Loading ...
Sorry, an error occurred while loading the content.

!! Freeman Journal; Feb 7, 1764 "SPUGGING"

Expand Messages
  • Cathy Joynt Labath
    Freeman Journal Dublin, Ireland Tuesday, Feb. 7, 1764 SPUGGING- I fancy he never heard or thought of, as twas not practis d during his Existence, it being a
    Message 1 of 1 , Feb 9, 2004
    • 0 Attachment
      Freeman Journal
      Dublin, Ireland
      Tuesday, Feb. 7, 1764


      SPUGGING- I fancy he never heard or thought of, as 'twas not practis'd during
      his Existence, it being a new invented Method for employing Time; nor did I
      (tho' I'm impertinently perhaps prying into the Concerns of the Ladies) ever
      hear of it, till within these four or five Months last. This Amusement is, viz.
      About two or three o'Clock in the Morning a Company of Males and Females meet,
      they are always of the better Sort of People; inshort (as the Phrase is)
      Gentlemen and Ladies, for this is an Entertainment practis'd by none else, 'tis
      too refin'd and polite for vulgar Creatures to experience its beauteous
      Delicacies, or know any Thing of it; I say they meet after all the old People of
      the House, Pappa, Mamma, &c. have comfortably enjoyed their first Naps, and
      after a little hoydening go to Tea, Coffee, &c. commonly too the Spuggers regale
      themselves with a chearful Glass of Wine or Punch after Tea; and then (to
      settler their Heads) feast upon Mutton-Chops, or Beef-Stakes, which Mrs.
      Superstition (the Lady of the House) never once dream'd of, tho' she has
      frequently a Fore-knowledge (by Dreams) into Futurity, and knows of very
      remarkable Occurence that happens in her Family, and indeed she imagin'd
      sometime before one of her Daughters threw herself away, that a Gentleman in a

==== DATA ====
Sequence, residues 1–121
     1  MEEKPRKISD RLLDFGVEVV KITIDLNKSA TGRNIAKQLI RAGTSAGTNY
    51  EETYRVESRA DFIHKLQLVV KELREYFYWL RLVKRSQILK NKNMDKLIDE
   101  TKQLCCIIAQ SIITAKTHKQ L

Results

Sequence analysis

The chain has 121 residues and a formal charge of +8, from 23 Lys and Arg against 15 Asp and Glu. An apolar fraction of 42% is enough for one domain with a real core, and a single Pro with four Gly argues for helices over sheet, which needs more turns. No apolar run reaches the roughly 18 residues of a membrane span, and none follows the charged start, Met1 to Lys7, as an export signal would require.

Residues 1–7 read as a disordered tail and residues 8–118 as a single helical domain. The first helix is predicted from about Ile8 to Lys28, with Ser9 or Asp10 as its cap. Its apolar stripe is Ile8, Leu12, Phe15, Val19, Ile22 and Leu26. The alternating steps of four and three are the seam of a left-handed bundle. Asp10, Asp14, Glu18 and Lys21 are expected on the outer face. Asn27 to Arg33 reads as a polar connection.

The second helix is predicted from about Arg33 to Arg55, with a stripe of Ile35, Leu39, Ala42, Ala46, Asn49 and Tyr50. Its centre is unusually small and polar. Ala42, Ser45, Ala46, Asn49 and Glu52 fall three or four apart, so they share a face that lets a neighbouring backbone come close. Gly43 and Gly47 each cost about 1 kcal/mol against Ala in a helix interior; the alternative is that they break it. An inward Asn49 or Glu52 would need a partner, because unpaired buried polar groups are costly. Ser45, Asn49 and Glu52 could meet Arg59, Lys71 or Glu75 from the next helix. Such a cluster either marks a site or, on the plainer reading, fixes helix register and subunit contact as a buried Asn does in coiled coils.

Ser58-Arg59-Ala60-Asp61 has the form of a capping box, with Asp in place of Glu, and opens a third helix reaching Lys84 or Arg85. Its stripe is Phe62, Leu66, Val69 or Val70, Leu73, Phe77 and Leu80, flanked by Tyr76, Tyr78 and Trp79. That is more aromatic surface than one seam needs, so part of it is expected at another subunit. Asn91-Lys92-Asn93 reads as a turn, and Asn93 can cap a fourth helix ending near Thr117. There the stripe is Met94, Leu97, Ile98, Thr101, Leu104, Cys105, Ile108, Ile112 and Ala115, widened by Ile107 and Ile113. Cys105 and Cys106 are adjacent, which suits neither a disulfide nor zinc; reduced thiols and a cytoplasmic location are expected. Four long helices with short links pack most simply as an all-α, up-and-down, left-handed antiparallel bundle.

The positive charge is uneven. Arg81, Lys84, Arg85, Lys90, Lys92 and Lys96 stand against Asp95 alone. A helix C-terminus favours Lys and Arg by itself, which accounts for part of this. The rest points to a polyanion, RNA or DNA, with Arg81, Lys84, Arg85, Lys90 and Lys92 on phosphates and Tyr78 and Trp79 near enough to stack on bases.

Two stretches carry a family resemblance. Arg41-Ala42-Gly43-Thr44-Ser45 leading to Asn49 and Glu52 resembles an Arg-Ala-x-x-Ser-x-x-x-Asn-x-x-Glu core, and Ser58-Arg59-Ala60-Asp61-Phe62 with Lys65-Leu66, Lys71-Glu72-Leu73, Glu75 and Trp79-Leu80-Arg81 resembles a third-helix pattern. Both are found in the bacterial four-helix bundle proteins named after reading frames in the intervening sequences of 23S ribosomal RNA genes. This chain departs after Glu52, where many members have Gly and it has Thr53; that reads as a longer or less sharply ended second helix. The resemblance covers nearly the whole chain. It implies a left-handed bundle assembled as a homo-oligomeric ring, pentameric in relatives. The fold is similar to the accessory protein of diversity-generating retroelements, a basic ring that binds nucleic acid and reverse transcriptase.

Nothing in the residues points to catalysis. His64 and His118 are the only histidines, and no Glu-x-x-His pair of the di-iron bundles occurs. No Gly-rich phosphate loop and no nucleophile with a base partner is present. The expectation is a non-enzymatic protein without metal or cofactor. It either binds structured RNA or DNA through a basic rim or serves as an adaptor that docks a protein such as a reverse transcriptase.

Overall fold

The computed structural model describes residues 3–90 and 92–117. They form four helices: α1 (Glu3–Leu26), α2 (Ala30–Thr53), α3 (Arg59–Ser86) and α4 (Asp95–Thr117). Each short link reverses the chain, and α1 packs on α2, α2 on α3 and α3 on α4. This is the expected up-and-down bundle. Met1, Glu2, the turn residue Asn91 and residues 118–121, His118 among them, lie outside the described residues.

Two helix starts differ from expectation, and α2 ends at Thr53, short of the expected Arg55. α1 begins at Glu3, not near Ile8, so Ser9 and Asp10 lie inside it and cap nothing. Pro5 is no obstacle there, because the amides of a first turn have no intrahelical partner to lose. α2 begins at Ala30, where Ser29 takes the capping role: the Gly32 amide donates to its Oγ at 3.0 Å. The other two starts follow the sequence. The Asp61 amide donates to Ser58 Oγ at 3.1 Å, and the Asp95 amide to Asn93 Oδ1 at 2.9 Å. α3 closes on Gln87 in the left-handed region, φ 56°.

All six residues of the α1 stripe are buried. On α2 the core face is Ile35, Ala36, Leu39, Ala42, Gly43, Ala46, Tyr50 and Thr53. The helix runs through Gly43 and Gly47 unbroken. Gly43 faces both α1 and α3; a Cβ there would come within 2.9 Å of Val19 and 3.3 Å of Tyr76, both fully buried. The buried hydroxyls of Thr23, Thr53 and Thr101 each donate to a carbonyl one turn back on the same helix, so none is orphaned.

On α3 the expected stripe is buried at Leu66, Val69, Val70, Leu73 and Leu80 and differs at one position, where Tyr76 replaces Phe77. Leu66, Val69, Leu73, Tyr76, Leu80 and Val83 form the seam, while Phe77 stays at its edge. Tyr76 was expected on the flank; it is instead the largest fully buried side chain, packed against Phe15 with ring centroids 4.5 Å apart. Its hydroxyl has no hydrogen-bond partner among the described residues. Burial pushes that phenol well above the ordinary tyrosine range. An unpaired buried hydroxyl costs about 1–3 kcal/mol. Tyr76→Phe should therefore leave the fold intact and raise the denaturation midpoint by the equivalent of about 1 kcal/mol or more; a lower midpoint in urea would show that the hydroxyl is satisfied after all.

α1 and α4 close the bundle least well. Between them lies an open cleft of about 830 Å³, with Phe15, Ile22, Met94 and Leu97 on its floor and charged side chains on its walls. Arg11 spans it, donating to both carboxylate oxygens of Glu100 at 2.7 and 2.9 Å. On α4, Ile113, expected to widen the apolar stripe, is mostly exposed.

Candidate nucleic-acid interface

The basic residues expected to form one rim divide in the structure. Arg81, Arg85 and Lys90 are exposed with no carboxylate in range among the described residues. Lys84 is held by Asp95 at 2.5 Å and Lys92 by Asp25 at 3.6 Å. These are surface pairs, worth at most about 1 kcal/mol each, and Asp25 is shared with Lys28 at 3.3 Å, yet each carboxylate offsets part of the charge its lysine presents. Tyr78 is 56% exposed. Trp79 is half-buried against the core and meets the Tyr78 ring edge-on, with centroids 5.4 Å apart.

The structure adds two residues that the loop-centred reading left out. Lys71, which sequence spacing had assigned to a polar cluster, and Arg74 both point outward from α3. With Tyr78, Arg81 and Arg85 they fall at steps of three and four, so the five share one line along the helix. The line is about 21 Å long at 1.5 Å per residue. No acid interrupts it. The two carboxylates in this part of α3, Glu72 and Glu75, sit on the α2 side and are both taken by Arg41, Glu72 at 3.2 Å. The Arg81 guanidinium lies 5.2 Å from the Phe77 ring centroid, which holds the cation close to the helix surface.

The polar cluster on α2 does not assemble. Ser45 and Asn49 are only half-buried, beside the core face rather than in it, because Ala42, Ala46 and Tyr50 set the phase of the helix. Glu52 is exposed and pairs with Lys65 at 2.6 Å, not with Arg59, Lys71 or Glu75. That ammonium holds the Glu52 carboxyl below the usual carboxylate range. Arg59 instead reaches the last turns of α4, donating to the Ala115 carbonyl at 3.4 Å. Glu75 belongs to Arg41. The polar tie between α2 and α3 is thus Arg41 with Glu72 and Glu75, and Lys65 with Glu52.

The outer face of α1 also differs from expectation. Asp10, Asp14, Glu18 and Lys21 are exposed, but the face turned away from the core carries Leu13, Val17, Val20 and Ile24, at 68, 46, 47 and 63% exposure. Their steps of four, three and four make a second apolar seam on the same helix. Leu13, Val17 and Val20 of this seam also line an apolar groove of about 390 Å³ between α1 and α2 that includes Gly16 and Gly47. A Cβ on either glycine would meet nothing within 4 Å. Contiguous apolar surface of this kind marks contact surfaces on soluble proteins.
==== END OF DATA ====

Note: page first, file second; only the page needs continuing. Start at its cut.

Blue-Coat kiss'd her, which she always knew was a certain Sign of Deceit or
      Falshood; but to the Spuggers, after a vast deal of Playing extinguishing the
      Candles, &c. as you'll see concerning the She-Romps in the 2?7th Number of the
      Spectater, differing in this Respect, that the She-Romps did not permit Male V
      ????? to enter their Club, whereas a Spugg, could not be without that Lordly
      Creature Man to grace it.
      I must go now to enumerate the many vile as well as melancholy Consequences
      which have already attended Spugging; let it suffice to say, that if a Gentleman
      proves rude to a Lady (in the Dark) she has no Remedy except she chuses to
      forfeit the Pleasure of her Parents; calling out, or making a Resistance or
      Noise may disturb the old People, &c. &c. &c. I think in the Whole Ladies, by
      these kind of nocturnal or (I should say) early Revelings and Visitings, hazard
      their Reputations (with some specious Reasons indeed) to the malicious Censure
      of every wicked Tea-Table surrounded by Matrons too old to share in those
      Doeish, out of the Way Sports. We have even many gay LOTHARIOS amongst us,
      Who talk of Beauties that they never saw,
      And fancy Raptures that they never knew.
      who think it no Crime to boast of being till such an Hour in the Chamber of a
      fair Lady; and by their Gesturesd, Winks and Nods will intimate the Worst that